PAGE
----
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Crawford Lake in Ontario is the geological site that scientists identified as embodying the proposed Anthropocene Epoch, according to a July 2023 announcement.

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Scientists have voted against a proposal to declare a new geological epoch called the Anthropocene to reflect how profoundly human activity has altered the planet.

The proposal was rejected by members of the Subcommission on Quaternary Stratigraphy, which is part of the International Union of Geological Sciences, according to three voting members of the subcommission contacted by CNN Tuesday.

The vote followed a 15-year process to select a geological site that best captures humanity’s impact on the planet. The international union’s Anthropocene Working Group, which spearheaded the effort, made a July 2023 announcement that identified the location as Crawford Lake in Ontario because of the way sediment from the lake bed reveals the geochemical traces of nuclear bomb tests, specifically plutonium, from 1950.

The vote was not unanimous, said Kim Cohen, an assistant professor of geosciences at Utrecht University in the Netherlands and a voting member of the subcommission.
“There were some abstainees. There was a minority of yeses to a majority of nos,” said Cohen, who voted in favor of the proposal.

Phil Gibbard, a professor emeritus of quaternary paleoenvironments at the Scott Polar Research Institute at the University of Cambridge in the United Kingdom, and a voting member of the subcommission, said that the “proposal for a formal Anthropocene was rejected by a 66% vote.”

However, in a statement released Wednesday, Jan Zalasiewicz, the chair of the subcommission and professor emeritus at the University of Leicester, said that unverified information had been shared with the media and the voting had been “performed in contravention” of the group’s statutes. He said he has now requested an inquiry, which could include the possibility of annulling the vote.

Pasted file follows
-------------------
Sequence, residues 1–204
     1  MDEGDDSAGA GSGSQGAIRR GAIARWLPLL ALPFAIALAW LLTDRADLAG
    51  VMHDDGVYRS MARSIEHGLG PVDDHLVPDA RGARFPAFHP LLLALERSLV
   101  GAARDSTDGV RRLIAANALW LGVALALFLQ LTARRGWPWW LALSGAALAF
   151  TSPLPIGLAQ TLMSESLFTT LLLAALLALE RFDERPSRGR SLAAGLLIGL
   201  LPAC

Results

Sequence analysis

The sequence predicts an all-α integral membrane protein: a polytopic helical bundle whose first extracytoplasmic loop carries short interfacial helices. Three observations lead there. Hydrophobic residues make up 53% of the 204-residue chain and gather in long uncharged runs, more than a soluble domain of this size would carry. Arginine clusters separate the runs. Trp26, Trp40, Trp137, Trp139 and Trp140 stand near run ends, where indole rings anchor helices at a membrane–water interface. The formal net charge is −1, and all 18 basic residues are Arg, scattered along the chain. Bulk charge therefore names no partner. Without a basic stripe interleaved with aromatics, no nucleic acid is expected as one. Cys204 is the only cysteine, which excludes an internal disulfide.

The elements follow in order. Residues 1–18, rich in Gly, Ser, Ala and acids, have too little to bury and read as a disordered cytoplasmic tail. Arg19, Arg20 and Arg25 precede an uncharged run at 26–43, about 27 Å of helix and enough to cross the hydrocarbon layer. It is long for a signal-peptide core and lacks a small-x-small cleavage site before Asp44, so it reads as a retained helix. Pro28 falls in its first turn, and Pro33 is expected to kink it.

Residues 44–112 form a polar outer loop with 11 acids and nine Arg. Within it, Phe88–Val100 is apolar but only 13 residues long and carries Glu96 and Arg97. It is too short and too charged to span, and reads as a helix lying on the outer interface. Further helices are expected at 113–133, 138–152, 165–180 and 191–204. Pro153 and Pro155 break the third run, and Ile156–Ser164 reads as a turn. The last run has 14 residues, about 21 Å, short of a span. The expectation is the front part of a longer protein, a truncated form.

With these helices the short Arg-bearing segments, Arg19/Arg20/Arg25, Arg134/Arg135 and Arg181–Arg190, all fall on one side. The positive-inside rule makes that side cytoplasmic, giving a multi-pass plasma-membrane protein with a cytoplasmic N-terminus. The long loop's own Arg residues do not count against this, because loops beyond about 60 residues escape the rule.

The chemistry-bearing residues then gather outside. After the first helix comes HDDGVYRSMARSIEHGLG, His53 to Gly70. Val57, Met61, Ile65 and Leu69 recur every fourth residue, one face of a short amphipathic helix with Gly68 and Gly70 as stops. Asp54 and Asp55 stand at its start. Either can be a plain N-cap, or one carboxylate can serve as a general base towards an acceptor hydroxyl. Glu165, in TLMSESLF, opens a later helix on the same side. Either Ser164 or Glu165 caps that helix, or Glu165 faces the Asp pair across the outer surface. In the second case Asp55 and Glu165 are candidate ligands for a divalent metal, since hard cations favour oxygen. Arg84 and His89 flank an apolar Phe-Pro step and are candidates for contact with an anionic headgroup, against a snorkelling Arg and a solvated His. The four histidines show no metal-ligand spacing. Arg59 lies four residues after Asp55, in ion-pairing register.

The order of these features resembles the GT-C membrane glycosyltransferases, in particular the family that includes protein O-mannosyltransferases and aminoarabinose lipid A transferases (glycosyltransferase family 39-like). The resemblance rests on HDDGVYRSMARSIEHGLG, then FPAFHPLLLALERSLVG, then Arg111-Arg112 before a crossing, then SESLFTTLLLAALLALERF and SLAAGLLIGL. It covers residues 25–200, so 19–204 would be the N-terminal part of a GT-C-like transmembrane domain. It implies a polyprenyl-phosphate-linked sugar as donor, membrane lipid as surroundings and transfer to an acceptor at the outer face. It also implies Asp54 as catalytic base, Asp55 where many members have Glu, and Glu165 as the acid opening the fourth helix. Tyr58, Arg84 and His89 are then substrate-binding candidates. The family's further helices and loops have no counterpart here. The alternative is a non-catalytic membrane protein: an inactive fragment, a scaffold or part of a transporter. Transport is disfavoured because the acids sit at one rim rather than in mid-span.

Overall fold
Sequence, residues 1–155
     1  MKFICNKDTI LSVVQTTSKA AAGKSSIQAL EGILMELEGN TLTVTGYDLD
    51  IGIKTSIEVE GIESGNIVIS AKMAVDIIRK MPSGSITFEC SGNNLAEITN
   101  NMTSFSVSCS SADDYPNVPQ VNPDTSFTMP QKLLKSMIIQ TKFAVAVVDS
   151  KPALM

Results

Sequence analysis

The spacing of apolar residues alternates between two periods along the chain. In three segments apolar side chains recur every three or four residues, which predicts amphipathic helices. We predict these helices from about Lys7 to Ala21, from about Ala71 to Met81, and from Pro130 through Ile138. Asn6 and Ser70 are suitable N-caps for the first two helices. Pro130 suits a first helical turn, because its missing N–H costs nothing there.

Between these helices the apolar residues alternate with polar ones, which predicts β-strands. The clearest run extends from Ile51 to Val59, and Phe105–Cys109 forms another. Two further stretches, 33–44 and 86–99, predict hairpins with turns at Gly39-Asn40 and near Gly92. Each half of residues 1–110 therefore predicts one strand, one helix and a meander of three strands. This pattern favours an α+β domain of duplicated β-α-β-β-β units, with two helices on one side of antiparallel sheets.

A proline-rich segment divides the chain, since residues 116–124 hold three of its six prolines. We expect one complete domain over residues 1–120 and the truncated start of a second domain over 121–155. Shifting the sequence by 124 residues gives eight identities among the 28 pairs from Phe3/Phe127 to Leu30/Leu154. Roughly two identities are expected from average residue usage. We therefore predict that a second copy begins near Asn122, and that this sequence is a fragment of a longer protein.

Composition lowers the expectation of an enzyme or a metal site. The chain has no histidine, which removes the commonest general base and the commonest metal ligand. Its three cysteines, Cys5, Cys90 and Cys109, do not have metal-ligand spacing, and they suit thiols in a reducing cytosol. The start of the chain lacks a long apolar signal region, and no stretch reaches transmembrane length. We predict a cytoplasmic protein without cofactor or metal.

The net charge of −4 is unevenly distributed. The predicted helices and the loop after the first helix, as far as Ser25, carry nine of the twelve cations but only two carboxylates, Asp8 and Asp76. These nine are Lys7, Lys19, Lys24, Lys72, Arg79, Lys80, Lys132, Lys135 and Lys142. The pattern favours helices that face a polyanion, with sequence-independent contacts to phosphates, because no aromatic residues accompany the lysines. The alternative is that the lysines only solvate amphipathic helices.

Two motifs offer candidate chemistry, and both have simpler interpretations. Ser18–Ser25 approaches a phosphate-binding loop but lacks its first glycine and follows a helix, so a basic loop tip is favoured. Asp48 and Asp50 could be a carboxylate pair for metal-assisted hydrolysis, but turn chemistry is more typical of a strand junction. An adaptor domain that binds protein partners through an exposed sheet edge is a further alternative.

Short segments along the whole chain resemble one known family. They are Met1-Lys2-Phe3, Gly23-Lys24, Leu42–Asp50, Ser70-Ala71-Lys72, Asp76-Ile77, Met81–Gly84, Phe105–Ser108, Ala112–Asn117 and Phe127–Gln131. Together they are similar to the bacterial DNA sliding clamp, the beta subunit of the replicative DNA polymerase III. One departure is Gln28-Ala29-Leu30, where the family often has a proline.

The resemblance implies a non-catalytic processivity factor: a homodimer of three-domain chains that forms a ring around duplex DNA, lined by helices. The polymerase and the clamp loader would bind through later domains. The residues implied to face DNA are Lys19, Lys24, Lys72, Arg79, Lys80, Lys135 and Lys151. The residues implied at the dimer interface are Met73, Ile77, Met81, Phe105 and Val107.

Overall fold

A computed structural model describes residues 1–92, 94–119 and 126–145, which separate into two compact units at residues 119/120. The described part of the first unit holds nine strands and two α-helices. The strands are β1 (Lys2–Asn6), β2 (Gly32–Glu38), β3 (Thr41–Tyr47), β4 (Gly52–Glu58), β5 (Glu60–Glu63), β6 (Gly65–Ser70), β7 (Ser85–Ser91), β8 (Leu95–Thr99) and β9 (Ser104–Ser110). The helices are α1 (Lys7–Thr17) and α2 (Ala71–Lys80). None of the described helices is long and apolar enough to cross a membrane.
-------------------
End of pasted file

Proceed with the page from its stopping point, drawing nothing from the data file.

‘Very disappointing’

The geologic time scale provides the official framework for our understanding of Earth’s 4.5 billion-year history. Geologists break down our planet’s history into eons, eras, periods, epochs and ages — with an eon being the largest chunk of time and an age the shortest.

While few scientists doubt the impact humans have made on the planet, the geological community was divided about whether the changes rose to the level of epoch, suggesting it was too soon in geological terms for such a declaration.

Some experts argued that the start of the Anthropocene could be better defined in other ways, such as the beginning of the Industrial Revolution. Others have suggested the impact of humans on Earth was better classified as a geological event that unfolds gradually over a long period of time.

Colin Waters, the chair of the AWG who led the development of the proposal to make the Anthropocene an official part of Earth’s geological history, said the outcome of the vote was “very disappointing.”

“We have as a group many eminent researchers in their field of expertise who wish to carry on as a group, in an informal capacity, that will continue to argue the case that the evidence for the Anthropocene as an epoch should be formalised, as consistent with the scientific data presented in the submission,” said Waters, an honorary professor at the School of Geography, Geology and the Environment at the University of Leicester, via email.

“If the above vote is confirmed … then the current proposal cannot progress, but given the existing evidence, which continues to grow, I would not be surprised if there is a future call for a proposal to be reconsidered,” he said.

The term ‘Anthropocene’ is in wide use

The proposal will not go any further at this stage, said David Harper, a professor emeritus of paleontology at Durham University and the chair of the International Committee of Stratigraphy, which would have held a vote on the proposal if the subcommission had passed it.

The committee is also part of the International Union of Geological Sciences, which represents more than 1 million geoscientists around the world.

“This is the commission’s expert group for this interval of geological time and we are bound by its decision. The current proposal will proceed no further according to our statutes,” Harper said via email, adding that he hadn’t been officially informed of the decision and wouldn’t comment any further.

Cohen said there were several arguments both for and against the proposal raised during the six-week period of discussion by the subcommission, but declined to give further detail. Regardless of whether the term is officially classified as a geological epoch, Anthropocene is already widely in use, Cohen noted.

“Everybody talks about it already. In journals, many people use it. But in geology, not so many as all the other sciences,” he said.